Parents of autistic teenager bring legal challenge claiming their son is being denied full benefit of free school transport
THE parents of a child with autism have brought a legal challenge claiming their son is being denied the full benefit of free school transport.
The teenager, following consultation with medical and educational professionals, attends what his parents say is the nearest school capable of meeting his special educational needs.
The High Court heard the school he attends is not the most convenient but, given his needs, it is the most suitable.
The boy's family applied to the Minister for Transport for transport so he could attend that school.
The application, and a subsequent appeal, were disallowed last October on the basis that it was not simply the nearest school, counsel for the family said.
The family say they were refused the support sought and were offered concessionary transport at a cost of €350 per year.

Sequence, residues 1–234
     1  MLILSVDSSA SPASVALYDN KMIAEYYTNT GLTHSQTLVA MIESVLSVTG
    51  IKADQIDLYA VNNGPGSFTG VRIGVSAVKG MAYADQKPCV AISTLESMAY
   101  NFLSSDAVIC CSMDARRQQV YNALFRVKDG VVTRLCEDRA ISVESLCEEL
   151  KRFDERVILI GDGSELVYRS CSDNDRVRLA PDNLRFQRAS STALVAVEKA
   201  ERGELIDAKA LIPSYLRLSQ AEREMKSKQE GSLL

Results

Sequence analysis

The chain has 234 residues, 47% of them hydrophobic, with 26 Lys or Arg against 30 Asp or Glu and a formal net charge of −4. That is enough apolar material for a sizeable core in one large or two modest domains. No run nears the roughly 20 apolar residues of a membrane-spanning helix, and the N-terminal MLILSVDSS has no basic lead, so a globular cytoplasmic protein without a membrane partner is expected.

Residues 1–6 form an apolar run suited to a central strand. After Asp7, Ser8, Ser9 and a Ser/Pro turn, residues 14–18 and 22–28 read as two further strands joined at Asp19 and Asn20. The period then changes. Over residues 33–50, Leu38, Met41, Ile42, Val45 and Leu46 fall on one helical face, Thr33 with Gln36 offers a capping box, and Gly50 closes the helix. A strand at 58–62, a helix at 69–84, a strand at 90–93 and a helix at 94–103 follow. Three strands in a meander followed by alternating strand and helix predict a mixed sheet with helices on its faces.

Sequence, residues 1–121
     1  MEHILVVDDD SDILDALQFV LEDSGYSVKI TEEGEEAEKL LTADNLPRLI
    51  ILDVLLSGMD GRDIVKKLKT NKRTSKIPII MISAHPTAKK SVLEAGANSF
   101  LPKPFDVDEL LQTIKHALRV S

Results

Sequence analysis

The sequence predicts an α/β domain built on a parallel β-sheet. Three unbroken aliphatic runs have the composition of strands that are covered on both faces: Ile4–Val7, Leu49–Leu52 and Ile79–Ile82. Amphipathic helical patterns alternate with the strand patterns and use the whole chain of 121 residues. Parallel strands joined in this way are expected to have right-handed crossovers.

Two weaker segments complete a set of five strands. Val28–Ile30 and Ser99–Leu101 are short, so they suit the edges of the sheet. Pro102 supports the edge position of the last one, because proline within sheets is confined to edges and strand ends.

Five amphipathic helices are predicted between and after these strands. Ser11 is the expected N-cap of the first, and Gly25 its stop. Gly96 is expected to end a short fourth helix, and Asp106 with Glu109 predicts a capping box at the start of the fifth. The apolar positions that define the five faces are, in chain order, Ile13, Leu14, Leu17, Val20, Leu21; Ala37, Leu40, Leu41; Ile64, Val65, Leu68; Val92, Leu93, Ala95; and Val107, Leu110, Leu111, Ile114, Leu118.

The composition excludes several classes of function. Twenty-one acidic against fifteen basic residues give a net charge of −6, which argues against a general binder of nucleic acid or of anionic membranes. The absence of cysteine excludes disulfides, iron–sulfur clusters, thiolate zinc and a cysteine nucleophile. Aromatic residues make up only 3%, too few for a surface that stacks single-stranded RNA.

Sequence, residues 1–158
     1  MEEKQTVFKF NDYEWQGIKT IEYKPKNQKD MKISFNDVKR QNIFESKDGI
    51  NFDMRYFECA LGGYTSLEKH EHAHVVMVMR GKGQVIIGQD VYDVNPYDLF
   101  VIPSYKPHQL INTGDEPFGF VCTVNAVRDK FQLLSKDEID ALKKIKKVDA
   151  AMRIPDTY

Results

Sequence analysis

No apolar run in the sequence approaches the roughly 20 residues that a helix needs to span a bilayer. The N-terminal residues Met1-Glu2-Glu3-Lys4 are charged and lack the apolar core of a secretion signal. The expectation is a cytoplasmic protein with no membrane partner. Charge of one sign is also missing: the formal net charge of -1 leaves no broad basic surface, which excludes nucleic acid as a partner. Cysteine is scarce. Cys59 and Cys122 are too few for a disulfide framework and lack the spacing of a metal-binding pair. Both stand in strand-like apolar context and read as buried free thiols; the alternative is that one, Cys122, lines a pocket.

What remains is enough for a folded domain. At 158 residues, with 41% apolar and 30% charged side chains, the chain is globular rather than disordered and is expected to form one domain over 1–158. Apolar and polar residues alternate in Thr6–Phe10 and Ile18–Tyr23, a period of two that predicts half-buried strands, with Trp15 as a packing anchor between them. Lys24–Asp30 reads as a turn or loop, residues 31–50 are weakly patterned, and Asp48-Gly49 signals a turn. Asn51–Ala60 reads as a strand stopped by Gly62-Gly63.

The mother said she and her family have been trying to sort out the issue for several months, but to no avail.
The case is against the Minister for Transport, the National Council for Special Education, and the School Transport Appeals Board.
The parents seek an order quashing the decision to refuse to provide free transport for their son.
The respondent's interpretation of the rules under the scheme is incorrect and contrary to law, it is claimed.
Permission to bring the challenge was granted by Mr Justice Richard Humphreys who said the case could come back in January.